Team Rubicon honored to assist tornado victims in Selma

Published 9:05 am Friday, February 17, 2023

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By Travis Gupton

The Selma Times-Journal

Team Rubicon is no stranger to the citizens of Selma. When Hurricane Zeta hit the area three years ago, Team Rubicon helped the city rebuild.  After a tornado hit the area on January 12, the veteran group returns to lend a helping hand.

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“As you look, it’s obvious that the tornado cut right through the city,” Team Rubicon CEO Art delaCruz said. “The tornado bounces so you’ll see houses that are absolutely destroyed right next to houses that aren’t. There is significant damage. Some trees are hundreds of years old that have been knocked down. There are roofs torn off. Just the destruction, number one, is unbelievable.”

Team Rubicon started its first mission in Haiti in 2010 and has grown over the 13 years it has been in operation with 158,000 registered volunteers.

With Team Rubicon being a veteran-led delaCruz says that in moments like these, the training of a solider does come into play at some point.

“We are a veteran-led humanitarian organization,” delaCruz said. “I like to say I’m a humanitarian who is a veteran. We are veteran-led. We are inclusive of first responders, law enforcement, and basically kick-ass civilians. People who have the time, the energy, and the ability to contribute and they all find it. Now what we have found with being military-led and this ties to our founding is that we were built around people who again from 20 years of war can go into these ambiguous situations, make decisions and move forward in the absence of a complete picture. Which was Selma on January 12.”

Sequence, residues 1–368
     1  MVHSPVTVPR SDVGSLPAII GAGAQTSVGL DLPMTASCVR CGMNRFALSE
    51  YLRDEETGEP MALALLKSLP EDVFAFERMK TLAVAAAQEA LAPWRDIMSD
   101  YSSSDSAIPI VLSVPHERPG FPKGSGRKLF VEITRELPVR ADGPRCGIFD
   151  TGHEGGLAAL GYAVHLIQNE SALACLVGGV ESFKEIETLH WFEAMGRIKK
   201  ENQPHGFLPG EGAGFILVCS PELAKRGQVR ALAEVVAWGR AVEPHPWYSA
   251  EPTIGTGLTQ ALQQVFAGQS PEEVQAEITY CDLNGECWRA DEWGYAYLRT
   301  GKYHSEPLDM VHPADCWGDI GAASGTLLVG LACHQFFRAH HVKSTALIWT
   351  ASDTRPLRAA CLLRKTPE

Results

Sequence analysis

Team Rubicon has been in Selma since right after the tornado and according to delaCruz they will be here until there is no more need.

“There are three different things that drive our continued presence,” delaCruz said. “Number one is continued need. That need is again as a volunteer organization that it’s meaningful impactful work. I think we still see it as we walk around. We have teams walking around today looking for more of it. We have to have volunteers. If the volunteers are present and we can match them up with meaningful work then we can continue and that will upsize or downsize. We’ve been averaging about 50 people on a given day.

‘’Then the third thing that is important is that we have the ability to have a place to lodge the people and take care of them. One of the impressive things about Selma is that we are on cots at the YMCA. We have showers. We know that the community of Selma will feed our volunteers lunch and take care of us which is an amazing piece of the community. The community taking ownership in the recovery and doing what they can which I think is really neat.”